Ashwani 6:44
So as you know, in smartphones today, even though they are phones, we use the smartphone for everything else except calling, right so calling and texting, and I’m from the generation I used to still have the dial up phones at home, but my kids, they’re rarely called right. But we still call them smartphones. So what the smartphone industry has done is they have and there are two major camps, as you’re very well aware, the Android camp and the Apple iOS camp. Right. So they they have abstracted the hardware, which is the phone which has the camera, which has the speaker which has the microphone, and they have adapted, they have abstracted with the layer called either Android or iOS where people can then develop applications, right? We are very well familiar of online banking, Facebook, social networking. So that platform is now open through either Apple store or Android store for people to develop applications and run it on those platforms.

Ashwani 7:48
So think of RDK B as doing a similar, providing a similar avenue for the broadband subscribers and broadband operators. Because today, as you know, Jamie, the speed and the bandwidth that the operators are providing are becoming table stakes, right, there was a time when even hundreds of megabits of speed and bandwidth were considered quite, I would say impressive. Today, we are going to gig speeds and 10 gig speeds. So the speeds is table stakes. Now what differentiates one service from the other is the user experience and the additional value added services that the operators can put on their devices to generate additional ARPU to have stickiness with the customer. And this is where RDK B plays a key role because it standardises the interface for both the low level API’s and the high level API’s. So we abstract the hardware. But we provide a platform for the value to be added on these gateways.

Jamie 9:00
That’s it, and it’s this platform, right that’s integrated into all of these different devices, right? But I’m going to move away from RDK a little bit and talk about you, so you transitioned over from Cisco to Technicolor in 2015 – tell us about your leadership role evolution and how you’ve got to where you are today.

Ashwani 9:23
So just a little history, when technicolour acquired the Cisco’s CW division, Cisco CW division was very strong in the cable infrastructure. And this is where our interaction with RDK and Comcast first blossomed right. And when the two teams came together, technicolour, had a strong presence in the telco world where it was based more on the copper fibre as well as some 4G, 5G technologies, right. So when we brought the teams together, one thing that we quickly realised that the broadband space was fast the moving towards a more I would say access agnostic landscape where people were more interested like I mentioned in speed and bandwidth as table stakes then user experience right. So irrespective of how the people are getting their broadband, whether they’re getting on cable where DOCSIS, whether they’re getting on copper with DSL, whether they’re getting through wireless with 4G.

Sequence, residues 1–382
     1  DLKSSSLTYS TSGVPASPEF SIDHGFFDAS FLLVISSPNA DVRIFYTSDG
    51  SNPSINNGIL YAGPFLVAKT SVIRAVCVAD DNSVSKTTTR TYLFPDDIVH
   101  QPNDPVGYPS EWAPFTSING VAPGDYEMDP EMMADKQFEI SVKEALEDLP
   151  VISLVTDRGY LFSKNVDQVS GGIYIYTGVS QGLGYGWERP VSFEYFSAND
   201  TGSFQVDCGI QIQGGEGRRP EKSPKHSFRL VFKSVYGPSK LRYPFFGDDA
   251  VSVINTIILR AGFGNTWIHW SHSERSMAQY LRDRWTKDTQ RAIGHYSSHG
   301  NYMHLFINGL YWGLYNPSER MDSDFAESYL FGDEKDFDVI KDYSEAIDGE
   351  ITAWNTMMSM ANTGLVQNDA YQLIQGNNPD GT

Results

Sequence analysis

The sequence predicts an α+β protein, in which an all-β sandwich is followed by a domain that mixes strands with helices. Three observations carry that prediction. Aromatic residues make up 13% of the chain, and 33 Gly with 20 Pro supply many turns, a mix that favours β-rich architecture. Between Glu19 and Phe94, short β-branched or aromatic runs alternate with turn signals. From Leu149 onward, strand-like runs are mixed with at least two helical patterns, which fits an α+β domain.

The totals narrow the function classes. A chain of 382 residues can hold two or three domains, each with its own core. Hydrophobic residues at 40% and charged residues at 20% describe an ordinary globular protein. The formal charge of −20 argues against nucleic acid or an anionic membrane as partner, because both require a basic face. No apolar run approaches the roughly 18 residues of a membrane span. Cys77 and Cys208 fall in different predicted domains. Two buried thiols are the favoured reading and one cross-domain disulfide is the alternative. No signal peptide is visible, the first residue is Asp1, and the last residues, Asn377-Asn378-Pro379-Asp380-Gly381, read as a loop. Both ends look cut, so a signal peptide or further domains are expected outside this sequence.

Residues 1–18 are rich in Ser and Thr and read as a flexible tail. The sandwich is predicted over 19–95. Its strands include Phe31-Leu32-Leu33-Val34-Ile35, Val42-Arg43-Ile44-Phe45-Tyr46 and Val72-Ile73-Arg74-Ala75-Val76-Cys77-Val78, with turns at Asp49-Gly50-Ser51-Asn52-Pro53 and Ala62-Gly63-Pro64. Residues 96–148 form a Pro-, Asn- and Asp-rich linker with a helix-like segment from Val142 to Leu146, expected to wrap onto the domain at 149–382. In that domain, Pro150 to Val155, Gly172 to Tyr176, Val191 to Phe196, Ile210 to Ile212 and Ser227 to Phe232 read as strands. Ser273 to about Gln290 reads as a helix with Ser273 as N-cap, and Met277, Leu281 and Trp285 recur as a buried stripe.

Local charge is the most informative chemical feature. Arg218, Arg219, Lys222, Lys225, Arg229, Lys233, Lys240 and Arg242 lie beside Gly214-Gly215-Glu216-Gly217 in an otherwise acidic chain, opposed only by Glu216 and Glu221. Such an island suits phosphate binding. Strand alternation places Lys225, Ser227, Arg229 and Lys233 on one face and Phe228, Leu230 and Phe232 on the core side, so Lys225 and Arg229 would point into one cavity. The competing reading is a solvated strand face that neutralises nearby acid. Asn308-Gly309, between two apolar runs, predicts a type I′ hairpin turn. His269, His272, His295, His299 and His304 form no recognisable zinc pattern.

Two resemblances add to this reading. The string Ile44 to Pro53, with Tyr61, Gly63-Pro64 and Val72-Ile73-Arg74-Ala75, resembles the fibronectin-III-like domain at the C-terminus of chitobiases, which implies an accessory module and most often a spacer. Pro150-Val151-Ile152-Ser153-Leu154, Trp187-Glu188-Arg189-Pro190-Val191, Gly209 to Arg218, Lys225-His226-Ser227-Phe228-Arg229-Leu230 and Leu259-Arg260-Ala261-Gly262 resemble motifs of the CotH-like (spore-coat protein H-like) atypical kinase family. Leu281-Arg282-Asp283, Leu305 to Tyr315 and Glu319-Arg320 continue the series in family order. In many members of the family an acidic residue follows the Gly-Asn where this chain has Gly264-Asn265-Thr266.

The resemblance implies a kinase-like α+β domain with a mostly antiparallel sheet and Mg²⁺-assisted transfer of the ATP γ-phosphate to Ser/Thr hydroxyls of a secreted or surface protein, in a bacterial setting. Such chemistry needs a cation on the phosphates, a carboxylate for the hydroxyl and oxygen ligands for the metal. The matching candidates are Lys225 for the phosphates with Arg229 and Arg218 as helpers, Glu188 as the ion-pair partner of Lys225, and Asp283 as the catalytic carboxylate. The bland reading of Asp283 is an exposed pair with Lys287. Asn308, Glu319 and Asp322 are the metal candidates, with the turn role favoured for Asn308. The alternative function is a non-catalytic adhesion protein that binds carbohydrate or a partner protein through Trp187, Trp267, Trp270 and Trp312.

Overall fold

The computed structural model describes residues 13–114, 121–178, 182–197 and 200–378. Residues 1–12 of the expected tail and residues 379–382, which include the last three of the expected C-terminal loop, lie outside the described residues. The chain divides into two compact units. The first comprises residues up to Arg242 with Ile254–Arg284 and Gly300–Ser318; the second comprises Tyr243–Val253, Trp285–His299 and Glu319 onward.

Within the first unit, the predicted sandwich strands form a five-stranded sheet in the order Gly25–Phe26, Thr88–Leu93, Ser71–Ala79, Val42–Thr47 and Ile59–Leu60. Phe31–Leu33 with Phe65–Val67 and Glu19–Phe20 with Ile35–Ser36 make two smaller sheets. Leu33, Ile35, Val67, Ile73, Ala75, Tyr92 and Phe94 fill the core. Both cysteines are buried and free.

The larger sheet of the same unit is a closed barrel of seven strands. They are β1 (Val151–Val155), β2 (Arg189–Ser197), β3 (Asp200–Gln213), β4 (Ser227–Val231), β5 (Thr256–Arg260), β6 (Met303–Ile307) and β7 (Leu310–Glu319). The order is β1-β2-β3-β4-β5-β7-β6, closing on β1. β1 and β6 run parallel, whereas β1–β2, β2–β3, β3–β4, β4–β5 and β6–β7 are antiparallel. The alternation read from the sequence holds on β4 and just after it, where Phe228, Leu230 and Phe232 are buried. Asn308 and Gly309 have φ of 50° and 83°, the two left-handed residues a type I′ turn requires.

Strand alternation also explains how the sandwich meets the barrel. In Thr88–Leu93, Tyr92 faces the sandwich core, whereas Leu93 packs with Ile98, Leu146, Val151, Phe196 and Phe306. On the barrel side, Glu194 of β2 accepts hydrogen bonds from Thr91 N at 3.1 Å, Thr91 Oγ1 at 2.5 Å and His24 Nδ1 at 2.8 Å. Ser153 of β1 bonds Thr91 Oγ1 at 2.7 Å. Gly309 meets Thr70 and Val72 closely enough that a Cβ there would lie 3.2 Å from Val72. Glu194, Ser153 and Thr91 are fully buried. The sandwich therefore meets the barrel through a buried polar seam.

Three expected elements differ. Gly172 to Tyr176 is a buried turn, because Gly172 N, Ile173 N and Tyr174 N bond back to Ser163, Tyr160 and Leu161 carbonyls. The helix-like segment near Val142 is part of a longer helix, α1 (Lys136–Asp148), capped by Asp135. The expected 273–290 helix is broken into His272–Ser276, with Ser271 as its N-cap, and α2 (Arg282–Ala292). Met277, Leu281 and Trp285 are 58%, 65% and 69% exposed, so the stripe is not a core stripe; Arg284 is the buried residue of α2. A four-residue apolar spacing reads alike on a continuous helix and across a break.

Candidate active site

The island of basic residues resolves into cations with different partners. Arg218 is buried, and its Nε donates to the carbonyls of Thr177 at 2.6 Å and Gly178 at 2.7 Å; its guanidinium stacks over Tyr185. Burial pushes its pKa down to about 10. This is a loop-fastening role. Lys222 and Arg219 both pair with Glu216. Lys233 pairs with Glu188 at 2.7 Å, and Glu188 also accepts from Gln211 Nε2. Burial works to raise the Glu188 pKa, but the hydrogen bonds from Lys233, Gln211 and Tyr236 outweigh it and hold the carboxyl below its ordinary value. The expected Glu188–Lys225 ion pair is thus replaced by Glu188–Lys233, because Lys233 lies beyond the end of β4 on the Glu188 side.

Ashwani 10:29
So when the two teams came together, I got to see the other aspect of the broadband business and started to think how we can leverage what we have done with RDK be on the cable side and extend that to the other markets of broadband CPS. And in that I was responsible for a telco product unit back in 2018 2019. So two years, I was leading the telco product unit along with the global CPE cable unit. So we could have synergies across the architectures and across the, our offerings to the operators, so they can have a consistent user experience across their multiple networks.

Jamie 11:22
Wow, wow. So quite a journey for yourself. Right? Not Alone in just RDK. But also the transition over from Technicolor to where you are today. And that probably leads on to our next question, right where Technicolor have been leading the RDK-B deployment for quite some time. You’ve recently announced that you have made over 20 million deployments worldwide, which is which is huge. How have you been able to continue at such a rapid growth?

Ashwani 11:57
Right. So yeah, thanks for the acknowledgement, yes, there was a big milestone for both us and RDK management to have 20 million units and counting. So we are not stopping here, Jamie, we are going to continue on this path. And I think one thing we have realised that if you have a good like I started with the three tenants at the beginning of the podcast, I think we have quickly realised that if you get behind an open software platform like RDK, if you continue to harden, continue to make contributions back to the community continue to upstream your contributions, the product collectively gets better, right. So as it has evolved from 2014, early days now to 2021. The RDKB today looks very different for the RDK was in 2014, even though it has the same foundation, same architecture, but it is far more enhanced. It has capabilities, like I mentioned to support multi access technologies, it has capability to support IoT is like devices like cameras and security at home. So RDK has evolved. So what we are seeing is that the adoption rate of RDK, RDK in the market is also accelerating. And that for us getting behind RDK as our default stack for all our broadband gateways is helping us secure the market share. And we just want to continue to see that growth.